Services for Students with Disabilities
Working with Sign Language Interpreters
The office of Services for Students with Disabilities (SSD) offers Sign Language Interpreter services for students regisistered with SSD and for campus events. Below are tips for working with a Deaf or Hard of Hearing (D/HH) students and Sign Language Interpreters. More information is provided below on the working with Sign Language Interpreters, please contact the SSD office by email at firstname.lastname@example.org or by phone at 559-278-2811 for more information.
- The primary role of the interpreter is to facilitate communication between the D/HH student and faculty member, staff or peer(s).
- There may be at least two interpreters assigned depending on duration and content of the class or event.
- Please do not involve interpreters in the course activities as a participant.
- The student will primarily be watching the interpreter during lecture or presentation in order to access the information being shared.
- The interpreter will speak in first-person while interpreting the student’s comments into English.
- For example, when the interpreter says "I have a question," it means the student has a question, not the interpreter.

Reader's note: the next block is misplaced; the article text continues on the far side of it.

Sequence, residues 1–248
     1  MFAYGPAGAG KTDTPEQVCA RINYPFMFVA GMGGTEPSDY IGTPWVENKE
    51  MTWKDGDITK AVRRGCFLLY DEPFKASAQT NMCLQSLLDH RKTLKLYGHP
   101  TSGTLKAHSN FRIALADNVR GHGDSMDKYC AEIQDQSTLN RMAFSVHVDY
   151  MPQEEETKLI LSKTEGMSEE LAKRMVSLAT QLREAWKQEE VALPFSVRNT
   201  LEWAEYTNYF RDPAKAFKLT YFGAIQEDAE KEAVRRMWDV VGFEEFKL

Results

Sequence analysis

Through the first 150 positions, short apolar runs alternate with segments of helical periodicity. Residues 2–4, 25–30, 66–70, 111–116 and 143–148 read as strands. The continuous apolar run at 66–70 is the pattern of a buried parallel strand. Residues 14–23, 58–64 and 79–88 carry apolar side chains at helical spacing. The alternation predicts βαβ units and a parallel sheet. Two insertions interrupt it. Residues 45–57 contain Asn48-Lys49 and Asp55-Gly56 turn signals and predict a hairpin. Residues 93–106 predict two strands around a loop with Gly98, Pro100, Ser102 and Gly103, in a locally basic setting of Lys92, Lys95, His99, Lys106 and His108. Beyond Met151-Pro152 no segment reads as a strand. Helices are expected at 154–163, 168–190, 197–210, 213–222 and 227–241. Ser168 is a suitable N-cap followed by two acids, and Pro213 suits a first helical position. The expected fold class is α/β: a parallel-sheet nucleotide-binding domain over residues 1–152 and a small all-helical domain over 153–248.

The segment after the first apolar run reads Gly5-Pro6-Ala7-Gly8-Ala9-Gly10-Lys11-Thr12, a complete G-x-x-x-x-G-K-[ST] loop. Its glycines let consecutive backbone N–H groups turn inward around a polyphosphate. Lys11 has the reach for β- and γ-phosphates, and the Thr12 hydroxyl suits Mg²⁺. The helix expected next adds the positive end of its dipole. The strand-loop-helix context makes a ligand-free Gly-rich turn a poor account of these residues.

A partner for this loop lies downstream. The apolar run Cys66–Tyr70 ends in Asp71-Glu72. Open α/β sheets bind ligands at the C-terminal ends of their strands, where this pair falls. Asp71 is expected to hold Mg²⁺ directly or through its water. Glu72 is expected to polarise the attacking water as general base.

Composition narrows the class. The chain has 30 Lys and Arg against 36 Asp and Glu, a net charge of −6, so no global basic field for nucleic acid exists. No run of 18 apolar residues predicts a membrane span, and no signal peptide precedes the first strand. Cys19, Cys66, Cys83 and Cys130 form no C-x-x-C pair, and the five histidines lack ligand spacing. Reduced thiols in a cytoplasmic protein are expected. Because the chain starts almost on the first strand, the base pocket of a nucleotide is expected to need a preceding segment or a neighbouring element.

- When distributing handouts, please include the interpreter(s) and provide access to any class materials beforehand so they can prepare adequately.
- Communicate directly to the student.
- Avoid using third person language when communicating with the student. For example, “Tell him…”
- Speak at a normal speed and tone without over-enunciating words or speaking more loudly.
- When reading out loud in class, please be mindful of the pace since there is a tendency to talk faster while reading.
- The interpreter will generally be placed in front of the classroom allowing for the best auditory and visual access to the class material.
- Please be mindful of the lighting in the room so that access is not disrupted.
- Please refrain talking with your back to the students to a minimum (e.g., writing on the whiteboards while lecturing). This muffles clarity and auditory access to the information for all participants/students.
Please note: If there are any questions about working with an interpreter, please ask the student or assigned interpreter(s).